When we think of firefighters, we think of brave men and women rushing into burning buildings and performing great acts of heroism, but Hall County Fire Rescue takes their purpose statement to heart. For them, “improving lives through excellent service,” extends beyond life-saving measures and into the ordinary ways people help other people. This was evident the Monday morning after Christmas.
On Dec. 26, the Hall County compactor sites reopened after the holiday weekend to mounds of garbage at the entrances.
“It took over six hours for us to clear the illegally dumped waste,” said Hall County Sanitation Supervisor Nate Smith about the several compactor sites where residents had illegally dumped bags of garbage over the holiday. “I have to commend my staff for their work ethic and diligence in doing whatever is necessary to keep Hall County clean.”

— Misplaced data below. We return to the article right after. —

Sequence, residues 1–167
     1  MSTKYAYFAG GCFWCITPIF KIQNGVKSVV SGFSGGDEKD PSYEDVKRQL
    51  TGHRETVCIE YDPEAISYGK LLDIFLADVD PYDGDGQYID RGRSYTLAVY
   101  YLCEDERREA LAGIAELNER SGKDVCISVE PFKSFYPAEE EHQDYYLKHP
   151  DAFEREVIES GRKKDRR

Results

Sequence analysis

The sanitation staff got a helping hand when Hall County Fire Rescue Station 9 saw the Candler compactor site on Poplar Springs Road on their return from another call and stopped to assist with clean up (pictured).
“It’s wonderful to know Hall County employees at every level truly embody the Hall County organizational values and serve beyond what is required of them,” said Assistant County Administrator Katie Crumley.
Smith has since installed cameras and signage at several of the compactor sites and commented “the behavior is not only illegal, it’s dangerous and it’s disrespectful to the community, to the environment, and to our employees. We hope by providing better signage and communication we can encourage people to use the sites when they’re open and visit the landfill when they’re not.”
For information on the landfill and compactor site locations, hours, and accepted items, residents can click here.